MDO: What trends do you expect in device manufacturing?
Gomulka: People are going to start planning a little bit more when it comes to capacities and surge capacities, especially on the device side. [Diabetes device makers, for example, are] governed by one thing — their ability to provide patients with their devices and there’s not enough. They’re not even scratching what the market needs with what they can build at a sustainable rate. Libre has a 14-day wearable. Every patient that’s installed has X amount per year. If the world capacity is 115 million for Libre, you can only serve so many patients. Diabetes is not going away, and we’re only talking about western countries. Think about India and China. The world does not have enough capacity to make those devices and there’s not enough sterilization capacity in the world for all those devices. Devices are the future, from surgeries to wearables, everything’s getting smart, getting miniaturized And it’s getting mass-produced. Those who can embrace how you’re going to do it a little bit differently and provide truly, totally vertically integrated solutions including items like sterilization are the ones who are doing to create a lot of change in this industry.
MDO: What’s different about Westfall Technik?
Gomulka: We pride ourselves in having a lot of differentiating technologies, especially in micromolding, which is incredibly important to med devices. Because everything’s getting smaller, wearable. We built our own micromolding machine, eliminating the need for runners. We pioneer how we process bioabsorbable materials, implantable materials and things like that. We have a platform that’s finally getting the attention of a lot of the OEMs, solving a lot of issues for the Abbotts, the Hologics, the Medtronics. If I can eliminate 90% of the waste that comes out of the product stream, I don’t compete on price.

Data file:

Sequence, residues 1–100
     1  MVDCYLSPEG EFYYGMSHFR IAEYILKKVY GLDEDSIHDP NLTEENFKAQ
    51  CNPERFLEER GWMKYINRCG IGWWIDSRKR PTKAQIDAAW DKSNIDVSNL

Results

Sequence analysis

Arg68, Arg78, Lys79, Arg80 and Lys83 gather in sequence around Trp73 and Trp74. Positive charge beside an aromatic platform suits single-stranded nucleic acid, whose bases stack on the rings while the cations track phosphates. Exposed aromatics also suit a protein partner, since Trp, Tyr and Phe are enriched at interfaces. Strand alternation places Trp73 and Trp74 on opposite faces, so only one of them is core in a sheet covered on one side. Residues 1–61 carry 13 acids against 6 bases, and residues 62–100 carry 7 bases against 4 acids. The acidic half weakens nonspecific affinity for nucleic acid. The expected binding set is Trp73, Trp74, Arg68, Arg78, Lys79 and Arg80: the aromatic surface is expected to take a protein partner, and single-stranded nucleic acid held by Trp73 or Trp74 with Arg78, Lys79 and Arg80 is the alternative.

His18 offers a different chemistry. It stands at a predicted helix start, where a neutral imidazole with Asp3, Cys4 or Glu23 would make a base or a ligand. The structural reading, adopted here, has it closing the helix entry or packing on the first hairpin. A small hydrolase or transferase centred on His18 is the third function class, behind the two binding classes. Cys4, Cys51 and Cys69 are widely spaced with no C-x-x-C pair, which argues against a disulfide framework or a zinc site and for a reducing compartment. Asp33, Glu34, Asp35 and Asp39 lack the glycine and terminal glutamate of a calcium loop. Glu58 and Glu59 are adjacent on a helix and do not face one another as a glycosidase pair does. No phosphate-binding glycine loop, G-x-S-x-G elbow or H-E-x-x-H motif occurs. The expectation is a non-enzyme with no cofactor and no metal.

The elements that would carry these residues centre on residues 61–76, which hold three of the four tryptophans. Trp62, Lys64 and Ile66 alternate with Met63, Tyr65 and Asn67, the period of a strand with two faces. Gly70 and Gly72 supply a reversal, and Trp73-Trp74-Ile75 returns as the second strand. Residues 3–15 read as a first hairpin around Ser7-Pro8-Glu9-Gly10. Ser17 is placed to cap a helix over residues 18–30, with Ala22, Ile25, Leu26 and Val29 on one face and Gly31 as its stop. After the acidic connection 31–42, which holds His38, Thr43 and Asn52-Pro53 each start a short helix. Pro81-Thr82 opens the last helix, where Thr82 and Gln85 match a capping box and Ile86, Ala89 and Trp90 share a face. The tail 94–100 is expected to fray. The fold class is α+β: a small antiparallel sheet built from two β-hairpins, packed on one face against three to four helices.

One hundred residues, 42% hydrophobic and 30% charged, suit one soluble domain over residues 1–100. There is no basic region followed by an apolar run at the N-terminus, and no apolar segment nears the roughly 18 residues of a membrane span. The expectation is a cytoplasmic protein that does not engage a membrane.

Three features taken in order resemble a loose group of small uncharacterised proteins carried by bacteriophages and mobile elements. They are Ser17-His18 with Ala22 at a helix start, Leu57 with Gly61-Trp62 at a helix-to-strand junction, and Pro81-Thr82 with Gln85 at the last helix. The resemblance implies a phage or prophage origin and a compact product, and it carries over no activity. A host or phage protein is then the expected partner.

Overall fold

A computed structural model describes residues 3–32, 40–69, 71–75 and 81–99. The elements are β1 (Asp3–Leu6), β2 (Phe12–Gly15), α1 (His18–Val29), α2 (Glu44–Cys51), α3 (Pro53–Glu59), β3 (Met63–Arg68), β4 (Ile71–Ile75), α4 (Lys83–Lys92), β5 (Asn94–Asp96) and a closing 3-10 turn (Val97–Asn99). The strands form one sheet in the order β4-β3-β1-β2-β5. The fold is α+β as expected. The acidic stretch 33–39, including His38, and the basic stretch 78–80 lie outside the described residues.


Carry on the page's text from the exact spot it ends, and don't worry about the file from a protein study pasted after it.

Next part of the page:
MDO: How do you hold it all together as CEO when rolling up so many companies?
Gomulka: What’s the secret of acquiring 18 companies in 18 months, or 20 companies in 24 months? Zero secrets. You write checks. The secret is how you integrate and who you surround yourself with. There are phenomenal CEOs, COOs, general managers that enter a company that’s already been established. I like to say, the roads are paved, stop signs are up, stoplights are up, the lanes and traffic patterns are defined. They go in and they do a phenomenal job running those companies. It takes a different person to actually pave the roads, stripe the roads, put stop signs up, stop lights up and everything else, and create one company system, creating one company culture, creating commonality and even as simple as design software. That’s where the fun is and the last 20 years of my career, that’s what I did. Everybody who works in this organization on my team has a passion for growing a business like nobody has seen before. Is it easy? Absolutely not. Are we perfect? Hell no. We will trip more often than not, but the one who gets up first and continues running is the one that wins. Because we learn from the mistakes as we go along. It’s been a phenomenal ride.